Here’s all you need to know about dried fruits and nuts.
What are dried fruits and nuts?
Dried fruits are fruits that are dried either naturally, by drying in the sun, or using specialised dryers. They include raisins, dates, figs, apricots, prunes, sweet lime and kiwis. Nuts or tree-nuts are fruits with a hard shell and seeds that are edible. They include almonds, cashews, pistachios, walnuts, hazelnuts, pine nuts, Brazil nuts and pecans.
Are dried fruits and nuts truly beneficial for children?
Yes, they are beneficial. Here are some of their benefits:
- Dried fruits and nuts are a powerhouse of nutrients. They are concentrated sources of calories, proteins, essential fats, vitamins and minerals.
- As they are rich in proteins and minerals, including them in a child’s diet ensures increase in height and weight. In fact, dried fruits and nuts are the most ideal food for undernourished children to gain weight as they provide all the required micro-nutrients along with calories and fats.
- Dried fruits such as figs, raisins, apricots and dates are very rich sources of fibre. They help maintain good gut health and help prevent constipation in children.
- Dried fruits such as dates, raisins, figs and prunes are also good sources of iron – a nutrient that is important for the production of blood. Therefore, consumption of these dried fruits can prevent anaemia.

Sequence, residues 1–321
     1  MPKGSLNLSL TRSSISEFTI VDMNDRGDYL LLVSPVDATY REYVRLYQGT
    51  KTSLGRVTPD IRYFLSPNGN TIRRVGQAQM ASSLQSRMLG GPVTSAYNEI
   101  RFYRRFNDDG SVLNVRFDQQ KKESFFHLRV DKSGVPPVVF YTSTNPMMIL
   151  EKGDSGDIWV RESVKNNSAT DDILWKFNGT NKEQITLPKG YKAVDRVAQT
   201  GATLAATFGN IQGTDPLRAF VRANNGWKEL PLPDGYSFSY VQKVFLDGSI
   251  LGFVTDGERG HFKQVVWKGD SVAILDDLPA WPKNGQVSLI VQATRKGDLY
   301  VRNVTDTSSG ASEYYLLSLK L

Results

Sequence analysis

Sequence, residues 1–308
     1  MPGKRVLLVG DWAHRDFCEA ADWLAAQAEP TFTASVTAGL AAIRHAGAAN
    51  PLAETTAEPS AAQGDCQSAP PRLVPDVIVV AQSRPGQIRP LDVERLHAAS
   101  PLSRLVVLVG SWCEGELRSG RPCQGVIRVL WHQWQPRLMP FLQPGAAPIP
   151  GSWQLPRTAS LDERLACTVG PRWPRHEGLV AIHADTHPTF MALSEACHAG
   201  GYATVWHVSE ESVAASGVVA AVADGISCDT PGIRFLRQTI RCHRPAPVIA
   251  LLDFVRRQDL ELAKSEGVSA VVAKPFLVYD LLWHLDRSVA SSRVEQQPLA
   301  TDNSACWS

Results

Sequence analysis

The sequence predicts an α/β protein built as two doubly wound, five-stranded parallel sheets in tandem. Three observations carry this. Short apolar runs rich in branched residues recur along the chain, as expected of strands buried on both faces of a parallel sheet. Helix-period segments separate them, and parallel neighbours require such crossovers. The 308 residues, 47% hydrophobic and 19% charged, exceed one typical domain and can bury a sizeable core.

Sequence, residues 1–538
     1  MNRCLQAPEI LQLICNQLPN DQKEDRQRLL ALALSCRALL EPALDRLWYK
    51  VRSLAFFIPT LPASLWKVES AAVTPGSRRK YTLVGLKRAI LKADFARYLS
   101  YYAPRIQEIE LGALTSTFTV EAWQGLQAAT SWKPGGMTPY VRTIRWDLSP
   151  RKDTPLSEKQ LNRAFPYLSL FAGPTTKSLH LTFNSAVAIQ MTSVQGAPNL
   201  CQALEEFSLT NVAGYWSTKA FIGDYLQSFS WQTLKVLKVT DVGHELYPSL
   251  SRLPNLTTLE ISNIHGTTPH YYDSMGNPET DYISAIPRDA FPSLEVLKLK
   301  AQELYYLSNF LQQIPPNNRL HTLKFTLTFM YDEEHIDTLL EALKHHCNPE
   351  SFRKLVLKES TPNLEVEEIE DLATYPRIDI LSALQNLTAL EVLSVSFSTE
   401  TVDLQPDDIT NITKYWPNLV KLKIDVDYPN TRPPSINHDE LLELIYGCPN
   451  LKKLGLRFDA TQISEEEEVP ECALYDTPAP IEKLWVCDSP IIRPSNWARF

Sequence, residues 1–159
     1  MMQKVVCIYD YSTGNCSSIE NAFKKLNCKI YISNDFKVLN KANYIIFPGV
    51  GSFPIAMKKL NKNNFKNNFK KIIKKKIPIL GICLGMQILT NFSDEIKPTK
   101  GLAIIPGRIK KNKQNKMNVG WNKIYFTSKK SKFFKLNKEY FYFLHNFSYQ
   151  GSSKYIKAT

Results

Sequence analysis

- Nuts such as almonds, walnuts and pistachios contain calcium, magnesium and other minerals that are essential for the formation of strong bones and teeth. They also aid muscle growth.
- Nuts and dried fruits are also good sources of vitamins and antioxidants such as carotenoids, selenium,
- B-complex vitamins and vitamin C that are essential for healthy eyes and skin, better functioning of all organs and better immunity.
- Nuts such as almonds, walnuts and hazelnuts are good sources of omega-3 and omega-6 fatty acids. These fatty acids are essential for ensuring brain development, improving concentration and enhancing memory.
When should dried fruits and nuts be introduced in children’s diet?
Some children are known to develop allergies to nuts. Hence, it is recommended that nuts should be introduced in the child’s diet only after he completes one year. It is further recommended that if a child has a family history of allergy to nuts, they should be introduced in the diet only after the child completes three years. As dried fruit allergies are not very common, they can be introduced in a child’s diet when the child is around 10 – 11 months old.
In what form can dried fruits and nuts be given to children?
Children between the ages of one and five may not have a very co-ordinated chewing and swallowing action. Therefore, to prevent choking, nuts should be pounded to powder and dried fruits should be chopped very finely or made into a paste before giving them to children of this age group. After five years of age, children may be given whole dried fruits and nuts. But, it is always better to keep an eye on children below the age of ten, to make sure they chew the nuts well and do not swallow them whole so as to prevent choking.
Should dried fruits and nuts be soaked before consumption?